North Korea last month said it wanted to send a representative to the Jan. 20 inauguration of U.S. President-elect Barack Obama. But Washington has so far remained reluctant to accept the request, according to South Korean government sources.
“The North, through its United Nations mission office in New York, conveyed the message that it can send Vice Foreign Minister Kim Gye-gwan as a representative to the inauguration ceremony,” said the source. The message was first delivered to The Korea Society, an U.S. nonprofit organization that promotes Korea-U.S. relations, and was later delivered to the Obama transition staff.
The Korea Society, a New York-based group which counts many members who once served as prominent diplomats, helped arrange the historic concert of the New York Philharmonic Orchestra in Pyongyang last year. “We don’t know for now whether the Obama team has made a decision to accept the request or not,” the source said. “I’ve heard negative opinions far outpaced the positive views.”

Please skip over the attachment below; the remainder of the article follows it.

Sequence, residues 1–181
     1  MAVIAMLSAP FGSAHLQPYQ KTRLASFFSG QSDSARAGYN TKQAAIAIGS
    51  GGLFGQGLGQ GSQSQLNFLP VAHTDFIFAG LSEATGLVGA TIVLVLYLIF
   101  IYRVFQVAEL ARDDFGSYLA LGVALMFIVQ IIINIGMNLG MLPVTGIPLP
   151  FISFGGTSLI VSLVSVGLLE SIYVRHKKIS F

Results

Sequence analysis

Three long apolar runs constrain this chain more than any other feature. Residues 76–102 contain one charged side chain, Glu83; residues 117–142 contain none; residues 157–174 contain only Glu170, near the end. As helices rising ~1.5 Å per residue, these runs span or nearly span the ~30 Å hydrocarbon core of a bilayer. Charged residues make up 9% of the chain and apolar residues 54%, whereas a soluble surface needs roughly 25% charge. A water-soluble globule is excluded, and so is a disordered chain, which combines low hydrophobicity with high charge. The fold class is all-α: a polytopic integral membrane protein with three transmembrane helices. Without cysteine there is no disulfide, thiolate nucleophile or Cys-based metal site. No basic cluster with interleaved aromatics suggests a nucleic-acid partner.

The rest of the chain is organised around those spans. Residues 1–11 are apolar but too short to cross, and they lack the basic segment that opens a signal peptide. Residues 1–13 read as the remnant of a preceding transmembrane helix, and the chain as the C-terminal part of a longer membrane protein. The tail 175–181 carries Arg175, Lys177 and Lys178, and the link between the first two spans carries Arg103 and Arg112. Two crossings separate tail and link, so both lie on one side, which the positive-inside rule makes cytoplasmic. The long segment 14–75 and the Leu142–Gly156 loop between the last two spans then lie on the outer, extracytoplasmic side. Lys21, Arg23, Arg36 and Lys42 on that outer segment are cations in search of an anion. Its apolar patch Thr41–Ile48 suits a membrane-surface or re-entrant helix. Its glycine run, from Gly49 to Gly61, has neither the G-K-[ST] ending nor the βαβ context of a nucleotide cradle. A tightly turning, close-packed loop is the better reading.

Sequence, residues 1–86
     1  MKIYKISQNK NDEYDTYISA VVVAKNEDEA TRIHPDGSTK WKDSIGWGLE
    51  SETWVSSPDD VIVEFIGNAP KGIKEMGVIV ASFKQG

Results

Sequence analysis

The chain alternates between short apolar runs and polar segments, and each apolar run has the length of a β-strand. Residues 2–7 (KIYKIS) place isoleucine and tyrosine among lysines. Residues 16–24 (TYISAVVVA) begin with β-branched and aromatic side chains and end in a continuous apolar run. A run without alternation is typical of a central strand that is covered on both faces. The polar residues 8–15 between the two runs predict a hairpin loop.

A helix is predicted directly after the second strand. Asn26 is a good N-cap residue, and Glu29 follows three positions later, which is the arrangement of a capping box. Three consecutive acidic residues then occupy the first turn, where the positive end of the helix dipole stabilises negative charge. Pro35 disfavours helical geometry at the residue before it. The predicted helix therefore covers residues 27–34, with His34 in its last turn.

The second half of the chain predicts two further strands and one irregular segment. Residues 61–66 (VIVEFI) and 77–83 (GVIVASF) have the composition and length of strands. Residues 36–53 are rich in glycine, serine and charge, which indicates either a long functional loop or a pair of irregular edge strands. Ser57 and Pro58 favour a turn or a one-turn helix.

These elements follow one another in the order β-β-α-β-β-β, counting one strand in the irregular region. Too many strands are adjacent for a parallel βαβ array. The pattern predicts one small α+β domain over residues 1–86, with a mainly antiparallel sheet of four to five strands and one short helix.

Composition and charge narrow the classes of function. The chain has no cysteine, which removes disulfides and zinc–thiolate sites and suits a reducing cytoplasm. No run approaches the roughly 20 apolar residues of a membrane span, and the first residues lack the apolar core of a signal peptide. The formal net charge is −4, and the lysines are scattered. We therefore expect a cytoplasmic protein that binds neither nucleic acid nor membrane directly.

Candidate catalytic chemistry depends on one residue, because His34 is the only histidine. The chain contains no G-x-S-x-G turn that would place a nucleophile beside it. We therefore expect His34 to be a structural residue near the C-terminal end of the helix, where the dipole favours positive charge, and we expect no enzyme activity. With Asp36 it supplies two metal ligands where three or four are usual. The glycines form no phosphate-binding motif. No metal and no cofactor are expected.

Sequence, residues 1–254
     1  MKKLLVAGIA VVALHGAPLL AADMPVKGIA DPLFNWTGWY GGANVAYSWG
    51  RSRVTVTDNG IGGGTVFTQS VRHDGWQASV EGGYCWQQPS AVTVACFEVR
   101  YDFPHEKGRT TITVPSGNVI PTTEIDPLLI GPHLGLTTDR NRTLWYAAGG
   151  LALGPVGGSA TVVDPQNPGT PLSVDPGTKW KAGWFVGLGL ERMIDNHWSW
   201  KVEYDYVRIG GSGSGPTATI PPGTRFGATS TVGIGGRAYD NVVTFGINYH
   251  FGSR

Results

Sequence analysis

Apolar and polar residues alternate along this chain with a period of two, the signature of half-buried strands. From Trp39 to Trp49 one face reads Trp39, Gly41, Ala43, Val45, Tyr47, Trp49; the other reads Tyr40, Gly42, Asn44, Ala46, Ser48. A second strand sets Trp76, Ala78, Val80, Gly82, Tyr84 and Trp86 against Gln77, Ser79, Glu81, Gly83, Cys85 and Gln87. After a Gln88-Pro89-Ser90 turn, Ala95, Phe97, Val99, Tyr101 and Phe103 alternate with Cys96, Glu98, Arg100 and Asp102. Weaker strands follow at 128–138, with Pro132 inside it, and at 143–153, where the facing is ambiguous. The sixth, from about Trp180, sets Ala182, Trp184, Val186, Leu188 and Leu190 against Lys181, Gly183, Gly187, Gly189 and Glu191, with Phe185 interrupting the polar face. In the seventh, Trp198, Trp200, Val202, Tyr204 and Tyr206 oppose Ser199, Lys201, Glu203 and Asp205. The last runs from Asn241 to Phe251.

The latest request from Pyongyang, however, clearly indicates that the North is poised to take a more cooperative stance towards Washington, with a new liberal administration in charge. “Pyongyang may be trying to test the political waters in the Obama administration by watching Washington’s response,” the source said.
Other government sources in Seoul also said it is unlikely the U.S. will invite Kim, also Pyongyang’s chief negotiator for the six-party talks on denuclearizing the North, while the Obama administration has yet to clearly map out its North Korea policy. The current setback in the talks - with the North refusing to offer a clear verification protocol on its nuclear facilities - further clouds any possibility for Washington to invite Pyongyang’s envoy to the inauguration.
The Peace Foundation, a Seoul-based civic group making policy suggestions on national security and inter-Korean relations, proposed last November that Washington invite the North’s special envoy to the inauguration ceremony to cement momentum to form better North Korea-U.S. relations under the new administration.
By Yeh Young-june JoongAng Ilbo [firstname.lastname@example.org]